Skip to content

An Unexpected Homestay

Thousands of tired, nerve-shaken, over-civilized people are beginning to find out that going to the mountains is going home; that wildness is a necessity – John Muir

As I mentioned previously, one of my goals for this trip to Colombia was to go on a multiday hike. The good thing about Colombia is that it has numerous hiking locations. After (reluctantly) leaving Medellin I brought myself to Salento in the coffee region of Colombia – yet another beautiful area of this country. As I arrived, I set about looking for hikes that I could do and I found a 2 day hike provided by Crested Outdoors (which I highly recommend, Diego is amazing).

I had nerves over whether or not I could do this hike but I was determined that I wasn’t going to scare myself out of this trip. That determination was great because I turned up on the day, unfortunately it covered up altitude sickness. Even going at my pace – slow and steady, I still fell victim to altitude sickness.

Diego, our guide, making us coffee along the way

I did some reading on hiking in PNN El Cocuy before embarking on this trip because Cocuy is in very high altitude. I therefore concluded that this hike in PNN Los Nevados would prepare me for Cocuy. This hike was a moderate hike which ended in 4000m so I thought I would slowly acclimatise to the altitude. Nothing of the sort happened. I was hiking and could slowly feel myself getting dizzy. I thought it was my mind playing tricks on me so I continued. Then my stomach started hurting but I assumed it was hunger. I concluded that it must be my nerves fooling me and wanting me to give up. So I trekked on. We got to a steep part and I knew I was going to go up…until my stomach churned. I decided to stop and catch my breath, waiting for the nausea to fade, but it didn’t. In fact, I had to stoop down because I thought I was going to throw up. I never get sick, even when I get seasick I’ve never thrown up but this time I thought that I would. That was scary.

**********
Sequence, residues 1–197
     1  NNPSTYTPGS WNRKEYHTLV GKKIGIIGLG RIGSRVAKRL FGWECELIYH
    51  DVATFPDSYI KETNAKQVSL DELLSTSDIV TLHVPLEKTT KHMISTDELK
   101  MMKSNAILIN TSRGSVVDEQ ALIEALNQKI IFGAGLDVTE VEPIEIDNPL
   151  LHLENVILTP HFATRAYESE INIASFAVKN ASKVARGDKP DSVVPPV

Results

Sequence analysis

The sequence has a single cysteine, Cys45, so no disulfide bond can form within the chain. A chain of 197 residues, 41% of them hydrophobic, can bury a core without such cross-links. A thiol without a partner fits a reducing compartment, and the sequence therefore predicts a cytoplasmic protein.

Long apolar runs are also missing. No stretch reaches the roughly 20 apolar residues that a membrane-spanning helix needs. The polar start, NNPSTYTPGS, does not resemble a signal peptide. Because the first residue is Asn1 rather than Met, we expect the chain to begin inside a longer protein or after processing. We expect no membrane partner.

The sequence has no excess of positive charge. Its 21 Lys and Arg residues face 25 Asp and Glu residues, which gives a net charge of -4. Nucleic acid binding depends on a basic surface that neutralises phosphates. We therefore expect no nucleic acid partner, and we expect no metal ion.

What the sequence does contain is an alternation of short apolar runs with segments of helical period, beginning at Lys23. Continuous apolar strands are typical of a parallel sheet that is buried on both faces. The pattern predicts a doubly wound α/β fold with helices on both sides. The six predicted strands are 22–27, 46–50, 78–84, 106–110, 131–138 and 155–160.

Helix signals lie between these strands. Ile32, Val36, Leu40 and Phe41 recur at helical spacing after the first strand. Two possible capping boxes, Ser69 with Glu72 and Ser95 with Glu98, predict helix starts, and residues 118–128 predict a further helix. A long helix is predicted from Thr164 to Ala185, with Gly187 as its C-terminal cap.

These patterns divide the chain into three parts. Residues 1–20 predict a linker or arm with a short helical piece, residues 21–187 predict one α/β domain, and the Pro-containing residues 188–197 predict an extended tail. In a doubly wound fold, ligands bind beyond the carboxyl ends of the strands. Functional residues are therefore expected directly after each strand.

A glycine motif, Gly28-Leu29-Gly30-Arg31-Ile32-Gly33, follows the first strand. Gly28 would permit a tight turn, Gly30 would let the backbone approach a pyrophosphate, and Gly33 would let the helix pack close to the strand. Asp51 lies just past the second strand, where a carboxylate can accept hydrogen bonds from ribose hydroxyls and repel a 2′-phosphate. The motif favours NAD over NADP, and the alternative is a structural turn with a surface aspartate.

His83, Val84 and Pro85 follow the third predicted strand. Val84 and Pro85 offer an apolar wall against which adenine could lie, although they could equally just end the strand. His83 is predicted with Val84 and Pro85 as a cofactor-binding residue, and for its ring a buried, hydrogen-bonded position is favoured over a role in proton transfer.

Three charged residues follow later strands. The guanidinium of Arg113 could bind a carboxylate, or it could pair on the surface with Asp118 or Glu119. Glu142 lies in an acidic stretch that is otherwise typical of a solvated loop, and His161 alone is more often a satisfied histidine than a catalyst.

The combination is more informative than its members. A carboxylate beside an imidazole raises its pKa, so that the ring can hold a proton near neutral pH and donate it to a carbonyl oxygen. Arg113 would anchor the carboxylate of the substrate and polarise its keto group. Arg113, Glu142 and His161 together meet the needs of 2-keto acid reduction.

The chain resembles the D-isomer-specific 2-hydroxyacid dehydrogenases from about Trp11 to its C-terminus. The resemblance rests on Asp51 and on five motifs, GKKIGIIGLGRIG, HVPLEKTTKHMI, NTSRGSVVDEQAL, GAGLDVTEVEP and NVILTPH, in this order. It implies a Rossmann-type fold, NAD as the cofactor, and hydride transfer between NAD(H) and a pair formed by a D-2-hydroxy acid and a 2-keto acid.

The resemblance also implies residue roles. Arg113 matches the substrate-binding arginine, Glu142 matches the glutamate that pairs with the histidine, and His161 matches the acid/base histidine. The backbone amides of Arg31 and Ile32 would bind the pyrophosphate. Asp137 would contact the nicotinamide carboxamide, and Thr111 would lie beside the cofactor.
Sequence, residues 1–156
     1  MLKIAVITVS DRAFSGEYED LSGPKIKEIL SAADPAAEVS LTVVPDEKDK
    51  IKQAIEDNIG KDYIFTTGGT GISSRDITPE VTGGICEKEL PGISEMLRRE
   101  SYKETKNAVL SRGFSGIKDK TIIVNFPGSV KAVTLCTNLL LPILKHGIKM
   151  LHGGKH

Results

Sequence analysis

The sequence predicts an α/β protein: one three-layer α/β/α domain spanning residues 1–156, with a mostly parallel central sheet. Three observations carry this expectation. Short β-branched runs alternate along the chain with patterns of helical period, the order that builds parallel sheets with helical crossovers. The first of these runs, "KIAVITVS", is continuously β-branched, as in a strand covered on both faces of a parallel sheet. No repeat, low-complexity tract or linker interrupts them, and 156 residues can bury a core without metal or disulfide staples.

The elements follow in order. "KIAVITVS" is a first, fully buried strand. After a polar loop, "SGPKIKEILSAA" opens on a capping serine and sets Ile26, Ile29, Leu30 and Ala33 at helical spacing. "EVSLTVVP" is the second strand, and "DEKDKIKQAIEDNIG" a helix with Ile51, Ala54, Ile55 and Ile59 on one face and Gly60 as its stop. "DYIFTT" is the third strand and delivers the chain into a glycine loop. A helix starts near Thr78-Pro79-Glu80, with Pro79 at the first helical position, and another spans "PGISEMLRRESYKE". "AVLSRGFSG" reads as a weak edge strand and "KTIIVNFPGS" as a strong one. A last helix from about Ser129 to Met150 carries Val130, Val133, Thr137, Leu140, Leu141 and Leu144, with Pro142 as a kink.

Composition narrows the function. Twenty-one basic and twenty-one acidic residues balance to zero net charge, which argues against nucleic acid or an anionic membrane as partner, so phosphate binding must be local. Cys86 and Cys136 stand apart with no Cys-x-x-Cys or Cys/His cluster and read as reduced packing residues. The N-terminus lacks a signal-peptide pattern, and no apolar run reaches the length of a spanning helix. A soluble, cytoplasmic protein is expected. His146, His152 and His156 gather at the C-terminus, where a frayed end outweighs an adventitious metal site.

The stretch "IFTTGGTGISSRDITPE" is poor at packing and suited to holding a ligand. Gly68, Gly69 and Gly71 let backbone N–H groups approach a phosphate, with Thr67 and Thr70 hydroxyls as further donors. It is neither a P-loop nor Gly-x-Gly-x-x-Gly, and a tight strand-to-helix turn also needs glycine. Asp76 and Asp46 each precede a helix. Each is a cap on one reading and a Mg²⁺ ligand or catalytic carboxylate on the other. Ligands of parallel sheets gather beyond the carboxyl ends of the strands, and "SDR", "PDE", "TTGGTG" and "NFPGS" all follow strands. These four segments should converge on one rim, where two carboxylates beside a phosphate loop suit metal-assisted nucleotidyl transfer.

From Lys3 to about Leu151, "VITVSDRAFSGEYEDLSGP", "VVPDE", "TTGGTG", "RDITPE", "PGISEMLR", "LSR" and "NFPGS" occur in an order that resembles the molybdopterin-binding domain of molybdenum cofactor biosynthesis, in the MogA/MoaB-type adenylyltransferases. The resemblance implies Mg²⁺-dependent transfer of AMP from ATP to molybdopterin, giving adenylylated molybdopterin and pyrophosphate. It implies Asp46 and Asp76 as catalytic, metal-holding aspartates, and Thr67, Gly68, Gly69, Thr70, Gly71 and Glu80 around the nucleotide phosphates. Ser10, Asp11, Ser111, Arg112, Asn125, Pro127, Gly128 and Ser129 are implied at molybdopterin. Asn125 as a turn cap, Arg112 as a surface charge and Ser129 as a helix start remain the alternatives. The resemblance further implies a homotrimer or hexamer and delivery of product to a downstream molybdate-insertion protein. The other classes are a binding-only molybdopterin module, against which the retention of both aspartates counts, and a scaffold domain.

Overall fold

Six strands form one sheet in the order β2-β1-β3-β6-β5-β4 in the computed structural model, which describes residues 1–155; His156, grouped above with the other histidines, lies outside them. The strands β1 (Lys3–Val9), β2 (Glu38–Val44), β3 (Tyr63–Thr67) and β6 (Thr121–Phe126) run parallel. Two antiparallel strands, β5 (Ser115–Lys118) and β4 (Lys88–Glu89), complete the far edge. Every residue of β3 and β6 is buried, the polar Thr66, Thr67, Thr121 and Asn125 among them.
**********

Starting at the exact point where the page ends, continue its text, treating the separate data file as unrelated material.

My guide suggested we take a break. In my group were two medical professionals who were a walking drugstore and had everything I could possible need. I believe their help prevented me from getting really sick. When I found out that the altitude was only 2,800m I felt like a wimp. You came all the way to Colombia thinking you could hike and got sick at 2,800m – what a loser! I felt like I let my group down because we had to stop and I felt like I was letting down people back home cheering me on. I really wanted to see up the mountains so my guide arranged for a horse. As I rode up the mountain while the rest of the group continued to hike, I still felt defeated. Another experience my body prevented me from participating in.

There always seems to be a good in the bad, because where we were supposed to overnight turned into a haven. The finca was called La Argentina and the hostess, Gloria really helped me to feel better. Hot soup and numerous cups of hot coffee really eased my bruised ego and upset stomach. Her patience with my very bad Spanish should also be commended. Like a substitute mother, Gloria made me forget my pain.

Puma the cat and I warming ourselves
Puma the cat and I warming ourselves

That night, I found myself in the company of 6 farmers. I played a game called “Why always me?” and won twice and because I understood some of the jokes my little Spanish was rewarded. Someone pulled out a bottle of El Dorado rum and I was given the first taste. Three times the bottle was past around and three times I participated, never considering whether rum was good for altitude sickness or not.

In the morning, the others carried on to see the volcanoes in PNN Los Nevados whilst I stayed back playing with the cats and chatting with Gloria. Although I hate being cold I really enjoyed myself at the finca and would have loved to stay longer. When it was time to go I went down on horseback, as the nausea started to kick back in, which got me feeling defeated again. I felt sad all the way until we got to the part where I was collected from. As we passed it and continued walking down I was really impressed with how far I had gone. I felt really proud. I remembered, despite feeling nauseous, I wasn’t exhausted and knew that I could have continued hiking. I was even impressed with the fact that I made it to 2,800m! That is higher than the highest peak in Jamaica. Every victory, no matter how small, should be celebrated.

I still have some time in Colombia, so I’m going to train for altitude because I want to achieve that goal of a multiday hike :).

Share This:

Be First to Comment

Leave a Reply

Your email address will not be published. Required fields are marked *